US President Joe Biden’s recent speech calling Pakistan “one of the most dangerous nations in the world” has not gone down well with the South Asian country. Pakistan PM Shehbaz Sharif refuted the claims, calling the speech “factually incorrect and misleading,” reported Dawn
At a private Democratic Congressional Campaign Committee reception in California on 13 October, Biden questioned the nation’s nuclear safety protocols. Talking of “the changing world” where “most countries are rethinking alliances” and China is trying to figure out its position with Russia, India and Pakistan, he added: “What I think is maybe one of the most dangerous nations in the world: Pakistan. Nuclear weapons without any cohesion.”
Soon after the White House published a transcript of the speech, Pakistan finance minister Bilawal Bhutto Zardari addressed a press conference in Karachi, stating that the US Ambassador to Pakistan, Donald Blome, had been summoned for an official demarche. Zardari said he was surprised by the comment and believed such “misunderstandings are created by a lack of engagement.” Pakistan’s nuclear assets “meet each and every international standard in accordance with the IAEA [International Atomic Energy Agency] as far as security and safety is concerned,” he added.
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‘Most responsible nuclear State’
Zardari continued retaliating against Biden’s comments by throwing light on his country’s nuclear policy: “Pakistan has also consistently demonstrated responsible stewardship of its nuclear-weapons capability, marked by a very strong commitment to global standards.”
A detailed press release from the prime minister’s office in Islamabad also expressed Pakistan’s concern against such remarks and called out ‘real threats’ to world peace. “Ultra-nationalism, violation of human rights in regions that are struggling against illegal occupation, violation of global norms by some states, repeated nuclear security incidents, arms race among leading nuclear weapon states and introduction of new security constructs that disturb the regional balance” were the real dangers to international peace and security, it said.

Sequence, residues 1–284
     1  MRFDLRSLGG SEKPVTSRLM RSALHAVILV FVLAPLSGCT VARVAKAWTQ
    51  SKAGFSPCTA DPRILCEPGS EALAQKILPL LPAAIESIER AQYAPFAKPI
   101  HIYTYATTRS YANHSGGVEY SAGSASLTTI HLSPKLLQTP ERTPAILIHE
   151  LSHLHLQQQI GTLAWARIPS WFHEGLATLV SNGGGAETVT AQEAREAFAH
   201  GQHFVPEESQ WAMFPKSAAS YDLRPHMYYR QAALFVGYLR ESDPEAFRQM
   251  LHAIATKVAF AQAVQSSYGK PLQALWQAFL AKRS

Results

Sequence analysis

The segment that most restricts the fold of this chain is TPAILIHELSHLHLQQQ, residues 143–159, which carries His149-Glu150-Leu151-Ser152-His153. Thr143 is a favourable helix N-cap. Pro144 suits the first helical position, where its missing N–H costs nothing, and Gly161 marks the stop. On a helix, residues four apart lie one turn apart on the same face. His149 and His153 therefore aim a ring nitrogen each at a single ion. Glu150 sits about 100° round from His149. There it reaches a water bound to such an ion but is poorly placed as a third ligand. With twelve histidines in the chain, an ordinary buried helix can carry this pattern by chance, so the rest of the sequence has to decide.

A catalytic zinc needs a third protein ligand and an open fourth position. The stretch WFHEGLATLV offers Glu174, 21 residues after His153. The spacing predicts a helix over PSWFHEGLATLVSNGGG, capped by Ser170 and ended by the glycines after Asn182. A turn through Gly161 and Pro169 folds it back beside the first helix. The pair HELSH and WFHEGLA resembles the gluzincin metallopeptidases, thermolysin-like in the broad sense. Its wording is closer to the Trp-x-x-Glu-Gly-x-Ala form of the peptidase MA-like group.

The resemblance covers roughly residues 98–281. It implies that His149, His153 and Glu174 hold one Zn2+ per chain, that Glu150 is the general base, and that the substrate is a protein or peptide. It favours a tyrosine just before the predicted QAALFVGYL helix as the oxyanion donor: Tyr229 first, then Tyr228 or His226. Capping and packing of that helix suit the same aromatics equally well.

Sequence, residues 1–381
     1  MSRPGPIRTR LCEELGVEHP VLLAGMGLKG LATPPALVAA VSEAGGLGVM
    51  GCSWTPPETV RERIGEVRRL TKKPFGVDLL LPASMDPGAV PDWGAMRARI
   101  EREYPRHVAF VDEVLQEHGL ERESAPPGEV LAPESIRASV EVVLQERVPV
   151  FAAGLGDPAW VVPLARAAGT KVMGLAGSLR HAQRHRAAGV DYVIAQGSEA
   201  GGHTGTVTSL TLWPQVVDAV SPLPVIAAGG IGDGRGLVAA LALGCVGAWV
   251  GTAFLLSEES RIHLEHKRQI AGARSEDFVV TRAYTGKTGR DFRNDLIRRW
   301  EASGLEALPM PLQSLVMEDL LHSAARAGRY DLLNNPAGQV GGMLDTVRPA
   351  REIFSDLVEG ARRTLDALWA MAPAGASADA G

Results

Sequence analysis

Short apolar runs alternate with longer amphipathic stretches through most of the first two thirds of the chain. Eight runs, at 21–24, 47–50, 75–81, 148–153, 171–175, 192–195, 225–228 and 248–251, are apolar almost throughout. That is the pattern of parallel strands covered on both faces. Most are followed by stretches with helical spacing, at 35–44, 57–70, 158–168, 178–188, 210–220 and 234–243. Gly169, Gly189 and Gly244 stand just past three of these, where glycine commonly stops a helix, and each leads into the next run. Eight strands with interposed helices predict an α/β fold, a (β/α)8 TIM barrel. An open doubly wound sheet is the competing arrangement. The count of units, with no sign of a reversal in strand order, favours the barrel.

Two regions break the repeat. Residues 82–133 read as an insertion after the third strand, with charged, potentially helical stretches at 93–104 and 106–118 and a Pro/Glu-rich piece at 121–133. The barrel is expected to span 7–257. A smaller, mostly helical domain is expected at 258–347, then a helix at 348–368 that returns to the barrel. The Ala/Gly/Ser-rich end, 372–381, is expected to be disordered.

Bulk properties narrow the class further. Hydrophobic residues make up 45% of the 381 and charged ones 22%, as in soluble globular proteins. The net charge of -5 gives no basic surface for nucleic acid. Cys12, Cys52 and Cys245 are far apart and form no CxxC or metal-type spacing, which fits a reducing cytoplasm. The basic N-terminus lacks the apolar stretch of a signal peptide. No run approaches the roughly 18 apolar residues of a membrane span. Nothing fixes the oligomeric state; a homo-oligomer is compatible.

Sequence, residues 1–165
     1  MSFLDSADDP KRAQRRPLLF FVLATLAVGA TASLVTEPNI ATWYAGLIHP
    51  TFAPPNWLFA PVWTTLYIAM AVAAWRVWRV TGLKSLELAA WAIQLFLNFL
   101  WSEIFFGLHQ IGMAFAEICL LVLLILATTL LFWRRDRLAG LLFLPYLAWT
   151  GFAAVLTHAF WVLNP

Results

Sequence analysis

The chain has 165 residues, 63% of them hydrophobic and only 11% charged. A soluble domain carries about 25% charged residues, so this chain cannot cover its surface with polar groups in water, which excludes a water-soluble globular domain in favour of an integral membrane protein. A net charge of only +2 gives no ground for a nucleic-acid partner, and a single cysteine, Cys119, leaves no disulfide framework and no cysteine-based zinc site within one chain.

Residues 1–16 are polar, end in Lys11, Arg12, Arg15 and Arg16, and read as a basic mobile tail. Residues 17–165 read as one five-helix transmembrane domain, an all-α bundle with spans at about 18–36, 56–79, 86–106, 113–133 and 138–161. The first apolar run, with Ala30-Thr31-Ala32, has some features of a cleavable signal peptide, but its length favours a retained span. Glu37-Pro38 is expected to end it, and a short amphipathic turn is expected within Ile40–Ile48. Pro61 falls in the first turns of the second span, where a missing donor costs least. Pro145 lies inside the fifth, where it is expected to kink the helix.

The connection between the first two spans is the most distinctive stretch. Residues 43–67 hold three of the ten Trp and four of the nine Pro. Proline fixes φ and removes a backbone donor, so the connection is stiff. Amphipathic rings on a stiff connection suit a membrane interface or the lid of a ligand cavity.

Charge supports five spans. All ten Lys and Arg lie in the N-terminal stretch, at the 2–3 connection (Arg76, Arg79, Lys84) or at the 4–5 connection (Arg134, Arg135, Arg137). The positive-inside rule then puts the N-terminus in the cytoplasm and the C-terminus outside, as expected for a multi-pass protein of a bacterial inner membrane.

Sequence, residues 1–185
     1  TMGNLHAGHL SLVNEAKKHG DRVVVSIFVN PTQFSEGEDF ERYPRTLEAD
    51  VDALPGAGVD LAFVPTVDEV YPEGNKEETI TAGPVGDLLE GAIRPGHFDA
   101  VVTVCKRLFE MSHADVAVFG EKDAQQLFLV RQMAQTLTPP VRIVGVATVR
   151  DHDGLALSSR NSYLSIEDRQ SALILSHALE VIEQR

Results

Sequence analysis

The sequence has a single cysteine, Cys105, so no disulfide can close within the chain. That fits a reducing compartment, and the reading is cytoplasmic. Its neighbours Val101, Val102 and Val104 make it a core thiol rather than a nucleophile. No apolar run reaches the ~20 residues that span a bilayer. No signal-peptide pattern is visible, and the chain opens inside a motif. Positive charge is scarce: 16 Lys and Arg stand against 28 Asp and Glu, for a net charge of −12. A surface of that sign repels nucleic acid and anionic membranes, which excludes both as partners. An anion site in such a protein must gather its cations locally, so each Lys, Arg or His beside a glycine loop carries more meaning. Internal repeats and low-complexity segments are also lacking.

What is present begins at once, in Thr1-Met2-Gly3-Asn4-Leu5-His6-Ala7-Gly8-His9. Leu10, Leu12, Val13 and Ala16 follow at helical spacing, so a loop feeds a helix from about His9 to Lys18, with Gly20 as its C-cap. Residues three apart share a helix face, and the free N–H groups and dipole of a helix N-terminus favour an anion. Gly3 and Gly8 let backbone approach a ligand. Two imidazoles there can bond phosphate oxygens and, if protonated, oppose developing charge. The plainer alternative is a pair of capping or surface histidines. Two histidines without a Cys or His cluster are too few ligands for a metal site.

Noting that the US and Pakistan have enjoyed a “friendly and mutually beneficial relationship” for many years, the press release stressed the “critical importance of genuine and durable efforts to recognise the real potential of Pakistan-US relationship” in light of the world’s current enormous challenges, wrote The Express Tribune.
“Pakistan is unquestionably a responsible nuclear state,” PM Sharif tweeted, adding that the country treated nuclear safety with the “utmost seriousness.”
India, too, was not excluded from this debate. Zardari rather emphatically stood by his country’s nuclear protocols and asked Biden to direct questions of nuclear safety to neighbouring India, which had recently misfired a missile into Pakistani territory.
Acting foreign secretary Jauhar Saleem reportedly met with US Ambassador Donald Blome later that day to issue a “strong demarche” in response to Biden’s remarks, as reported in a press release from the foreign office.
Defence minister Khawaja Muhammad Asif also responded strongly to Biden’s remarks, calling Pakistan’s record as a responsible nuclear power “unimpeachable.” “We have also historically provided military assistance to the very armed forces whose commander in chief erroneously questions our ‘cohesion’,” he added.
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Imran Khan’s fault?
While emphasising that Biden’s comment did not have “unfavourable effects on relations between Pakistan and the United States,” Zardari attacked the erstwhile Pakistan Tehreek-e-Insaf (PTI) government. He said that former PM Imran Khan had previously made “irresponsible statements” about the country’s nuclear arsenal when he publicly stated that dropping an atomic bomb on Pakistan was preferable to his removal as prime minister.
On the other hand, Khan tweeted that Pakistan had “one of the most secure nuclear command and control” and questioned Biden over his “unwarranted conclusion about [Pakistan’s] nuclear capability.”
Zardari then emphasised that Biden’s statement had nothing to do with Pakistan. “I don’t think this was an official function…it wasn’t an address to the parliament or an interview.”
The Pakistani minister also mentioned that he had recently visited Washington D.C., where he met many people and attended several important events. No one there had expressed any concerns over Pakistan’s nuclear programme.
According to Zardari, Pakistan is on a “journey of engagement” and has recently celebrated the 75th anniversary of its bilateral engagements with the United States.
Meanwhile, he warned against “going into conspiracy theories” as a nation, adding that there are a lot of “opportunities for Pakistan to positively engage with the rest of the world.”
(Edited by Zoya Bhatti)